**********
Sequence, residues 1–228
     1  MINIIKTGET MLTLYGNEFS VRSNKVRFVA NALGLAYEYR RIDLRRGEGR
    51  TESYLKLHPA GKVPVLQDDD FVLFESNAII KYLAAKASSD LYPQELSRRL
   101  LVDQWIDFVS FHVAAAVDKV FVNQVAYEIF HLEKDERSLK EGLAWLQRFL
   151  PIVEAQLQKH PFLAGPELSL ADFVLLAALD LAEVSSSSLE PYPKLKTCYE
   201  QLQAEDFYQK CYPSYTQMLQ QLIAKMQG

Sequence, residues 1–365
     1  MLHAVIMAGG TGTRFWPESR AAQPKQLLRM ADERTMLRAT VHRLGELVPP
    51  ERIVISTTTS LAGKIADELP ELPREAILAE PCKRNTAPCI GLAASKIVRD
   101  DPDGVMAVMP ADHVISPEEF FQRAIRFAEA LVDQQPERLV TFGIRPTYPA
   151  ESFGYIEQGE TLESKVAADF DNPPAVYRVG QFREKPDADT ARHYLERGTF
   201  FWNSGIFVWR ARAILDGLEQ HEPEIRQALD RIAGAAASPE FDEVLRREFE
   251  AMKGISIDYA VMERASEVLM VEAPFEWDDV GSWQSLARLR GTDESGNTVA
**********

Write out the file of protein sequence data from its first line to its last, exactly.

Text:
Sequence, residues 1–228
     1  MINIIKTGET MLTLYGNEFS VRSNKVRFVA NALGLAYEYR RIDLRRGEGR
    51  TESYLKLHPA GKVPVLQDDD FVLFESNAII KYLAAKASSD LYPQELSRRL
   101  LVDQWIDFVS FHVAAAVDKV FVNQVAYEIF HLEKDERSLK EGLAWLQRFL
   151  PIVEAQLQKH PFLAGPELSL ADFVLLAALD LAEVSSSSLE PYPKLKTCYE
   201  QLQAEDFYQK CYPSYTQMLQ QLIAKMQG

Sequence, residues 1–365
     1  MLHAVIMAGG TGTRFWPESR AAQPKQLLRM ADERTMLRAT VHRLGELVPP
    51  ERIVISTTTS LAGKIADELP ELPREAILAE PCKRNTAPCI GLAASKIVRD
   101  DPDGVMAVMP ADHVISPEEF FQRAIRFAEA LVDQQPERLV TFGIRPTYPA
   151  ESFGYIEQGE TLESKVAADF DNPPAVYRVG QFREKPDADT ARHYLERGTF
   201  FWNSGIFVWR ARAILDGLEQ HEPEIRQALD RIAGAAASPE FDEVLRREFE
   251  AMKGISIDYA VMERASEVLM VEAPFEWDDV GSWQSLARLR GTDESGNTVA